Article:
Eddy Curry's anticipation to get a shot against the Knicks has been years in the making.
MIAMI – Eddy Curry had never been more nervous in his career than when he returned to the court after a more than two-year absence and did it on national television last week. So you can only imagine what emotions he might have seeing the New York Knicks again.
Whatever Curry is feeling, and it must be something, he’s choosing to keep it private for now. He has insisted this week that he hasn’t been eyeing Friday night’s meeting with his old team and more specifically old coach Mike D’Antoni.
On this topic, Curry is not credible. There is no way he could not have been thinking about seeing his old team and making a statement or two. After years of being humbled, it is only human nature to want to respond when getting the chance.
But it won’t come from words just yet. Is Curry looking forward to the game and showing off his weight loss and work that has allowed him to return to the league?
“I’m trying not to think about too much to be honest,” Curry said. “That was the past and I’m just going to leave it there.”
Now that he’s proving that he can still play, does he feel that the Knicks didn’t give him enough of a chance when they basically decided he was done because of his weight and injury issues three years ago?
“I don’t even think about it honestly,” Curry said. “I’m just focused on where I am now.”
As for the Knicks, how do they feel about Curry being in the best shape he’s been in years now that he’s playing on a non-guaranteed contract for a million bucks instead of when the Knicks were paying him more than 10 times that amount? D’Antoni took the high road too, sort of.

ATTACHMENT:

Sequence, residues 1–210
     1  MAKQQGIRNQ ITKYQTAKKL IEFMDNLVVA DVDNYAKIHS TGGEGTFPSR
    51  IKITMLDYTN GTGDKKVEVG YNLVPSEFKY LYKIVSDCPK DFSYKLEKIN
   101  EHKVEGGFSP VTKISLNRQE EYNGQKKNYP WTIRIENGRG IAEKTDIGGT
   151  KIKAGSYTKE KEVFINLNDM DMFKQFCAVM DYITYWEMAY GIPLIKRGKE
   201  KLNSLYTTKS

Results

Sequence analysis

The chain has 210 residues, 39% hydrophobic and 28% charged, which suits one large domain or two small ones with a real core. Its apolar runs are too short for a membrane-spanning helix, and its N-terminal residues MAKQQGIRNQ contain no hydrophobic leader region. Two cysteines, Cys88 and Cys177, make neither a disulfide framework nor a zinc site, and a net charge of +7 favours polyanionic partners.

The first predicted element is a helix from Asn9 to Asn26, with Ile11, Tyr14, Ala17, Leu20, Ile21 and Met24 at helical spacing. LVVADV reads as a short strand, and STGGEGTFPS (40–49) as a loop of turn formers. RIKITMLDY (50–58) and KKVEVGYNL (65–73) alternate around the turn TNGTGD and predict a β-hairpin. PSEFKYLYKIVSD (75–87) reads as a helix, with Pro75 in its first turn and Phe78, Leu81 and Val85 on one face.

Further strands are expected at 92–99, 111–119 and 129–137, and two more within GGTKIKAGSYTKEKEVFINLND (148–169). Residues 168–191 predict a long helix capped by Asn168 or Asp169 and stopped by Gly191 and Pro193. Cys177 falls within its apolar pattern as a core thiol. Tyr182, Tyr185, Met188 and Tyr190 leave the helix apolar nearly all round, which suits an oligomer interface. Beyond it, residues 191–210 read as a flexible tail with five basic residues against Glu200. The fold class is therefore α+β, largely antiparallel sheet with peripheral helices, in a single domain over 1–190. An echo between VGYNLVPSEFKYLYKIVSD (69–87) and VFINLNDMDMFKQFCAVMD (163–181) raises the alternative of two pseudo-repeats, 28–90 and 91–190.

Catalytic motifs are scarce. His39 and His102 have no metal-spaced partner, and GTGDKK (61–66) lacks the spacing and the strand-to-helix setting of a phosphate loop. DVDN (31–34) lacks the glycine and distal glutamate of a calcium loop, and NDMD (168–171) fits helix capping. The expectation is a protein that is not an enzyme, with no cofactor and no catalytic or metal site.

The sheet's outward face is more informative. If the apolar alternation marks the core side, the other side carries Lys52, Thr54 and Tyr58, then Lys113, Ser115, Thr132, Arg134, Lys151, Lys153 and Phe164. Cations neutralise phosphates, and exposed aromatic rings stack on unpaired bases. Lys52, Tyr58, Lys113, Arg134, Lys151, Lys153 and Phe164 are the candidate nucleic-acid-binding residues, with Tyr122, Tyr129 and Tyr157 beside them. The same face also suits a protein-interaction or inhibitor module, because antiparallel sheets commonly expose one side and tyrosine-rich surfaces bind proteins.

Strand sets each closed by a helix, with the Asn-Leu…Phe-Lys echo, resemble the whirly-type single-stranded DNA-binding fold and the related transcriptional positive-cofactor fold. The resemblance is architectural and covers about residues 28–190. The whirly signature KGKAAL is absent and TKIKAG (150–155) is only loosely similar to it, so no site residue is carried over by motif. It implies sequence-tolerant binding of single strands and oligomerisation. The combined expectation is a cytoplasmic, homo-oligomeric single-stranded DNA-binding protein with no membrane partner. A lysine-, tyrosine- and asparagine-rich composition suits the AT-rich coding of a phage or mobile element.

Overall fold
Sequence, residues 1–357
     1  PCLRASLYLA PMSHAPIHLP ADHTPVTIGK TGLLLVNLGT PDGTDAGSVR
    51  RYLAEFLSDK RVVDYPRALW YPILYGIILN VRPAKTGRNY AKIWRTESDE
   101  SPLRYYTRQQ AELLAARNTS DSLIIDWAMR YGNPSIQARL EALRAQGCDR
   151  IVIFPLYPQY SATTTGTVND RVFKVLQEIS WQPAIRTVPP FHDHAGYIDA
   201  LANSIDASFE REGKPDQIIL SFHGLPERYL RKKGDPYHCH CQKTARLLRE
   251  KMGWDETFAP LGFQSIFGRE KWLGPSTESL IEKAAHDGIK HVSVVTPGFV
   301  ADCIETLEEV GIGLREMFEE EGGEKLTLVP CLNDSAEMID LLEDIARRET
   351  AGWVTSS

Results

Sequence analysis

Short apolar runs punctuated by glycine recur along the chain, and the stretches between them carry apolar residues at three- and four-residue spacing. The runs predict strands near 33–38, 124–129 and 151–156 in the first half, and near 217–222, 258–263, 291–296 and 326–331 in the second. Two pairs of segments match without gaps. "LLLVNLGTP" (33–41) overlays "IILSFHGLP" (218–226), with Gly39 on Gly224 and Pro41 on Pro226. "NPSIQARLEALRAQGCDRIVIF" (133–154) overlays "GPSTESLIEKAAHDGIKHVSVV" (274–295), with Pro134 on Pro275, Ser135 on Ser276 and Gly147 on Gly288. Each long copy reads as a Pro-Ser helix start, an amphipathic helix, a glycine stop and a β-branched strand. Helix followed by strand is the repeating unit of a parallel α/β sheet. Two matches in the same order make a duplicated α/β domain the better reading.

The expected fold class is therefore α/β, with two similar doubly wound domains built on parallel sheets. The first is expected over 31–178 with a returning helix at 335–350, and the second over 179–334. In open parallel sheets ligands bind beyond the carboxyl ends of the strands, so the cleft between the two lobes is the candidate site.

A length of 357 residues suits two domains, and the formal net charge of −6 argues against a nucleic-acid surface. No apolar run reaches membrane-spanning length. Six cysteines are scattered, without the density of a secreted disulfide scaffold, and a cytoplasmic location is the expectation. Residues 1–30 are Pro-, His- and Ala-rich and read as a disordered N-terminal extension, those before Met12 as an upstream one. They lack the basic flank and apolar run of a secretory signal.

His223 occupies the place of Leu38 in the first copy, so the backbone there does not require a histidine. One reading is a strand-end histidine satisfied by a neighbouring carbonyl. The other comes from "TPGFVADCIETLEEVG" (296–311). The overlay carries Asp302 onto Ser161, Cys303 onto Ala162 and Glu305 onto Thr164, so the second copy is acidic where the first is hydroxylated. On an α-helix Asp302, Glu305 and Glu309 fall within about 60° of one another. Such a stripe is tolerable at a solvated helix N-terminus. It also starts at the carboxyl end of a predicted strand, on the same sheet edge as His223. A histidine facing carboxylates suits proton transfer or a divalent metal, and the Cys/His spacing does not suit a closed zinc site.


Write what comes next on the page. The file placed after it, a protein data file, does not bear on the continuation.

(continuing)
"Motivation will do great things for you,” D’Antoni told reporters earlier this week. “Good for him. He’s a great kid. He got to a spot where he can perform. I hope it works out.”
D’Antoni’s implication there, of course, is that Curry was not as motivated when he played for him. Though he barely played at all, D’Antoni put him in games just 10 times in the three years they were together for a grand total of 73 minutes. He never made it through the first week of training camp after D’Antoni arrived mostly because of the center's conditioning.
From Curry’s perspective, however, there are questions as to why the Heat have been able to get him in condition to play even in a long shot role when the Knicks weren’t able to reach him when he was supposed to be their franchise center.
So, yeah, there’s plenty of vinegar here.
This is one of those situations where each side has it’s version of events and both probably have valid points. This is a story of many twists and turns but more than anything else, failures and setbacks. What is certain is that Curry’s tenure with the Knicks, once so promising, turned out to be a disaster. Curry ended up being the embodiment of what had plagued the franchise for most of the last decade. Curry had plenty of talent and was highly paid but, like many of his teammates of the era, did not produce.
The Knicks didn’t even want Curry around last year and told him to stay home until they traded him, which they did as part of a deal for Carmelo Anthony. When asked how he felt about that and what he was doing at this time last year when he was in exile, Curry just said: “I don’t even know.”
He does know but he doesn’t want to talk about it. It’s probably the prudent position. Curry has got to be tired of hearing all the jokes and re-hashing the past. His spot on the Heat’s roster, and frankly in the league, is still tenuous. He’s played just three games with the Heat so far and has had a few moments where he looked the a former high lottery pick – such as his putback dunk against the Lakers – and other times when he’s looked rusty – such as when his dunk attempt Wednesday in Detroit was blocked by the rim.
There’s little chance Curry will settle anything on Friday. But there’s no way it isn’t a night he’s been anticipating for awhile.
“I think it can be really emotional for him,” LeBron James said. “Hopefully it’ll be good emotion for us.”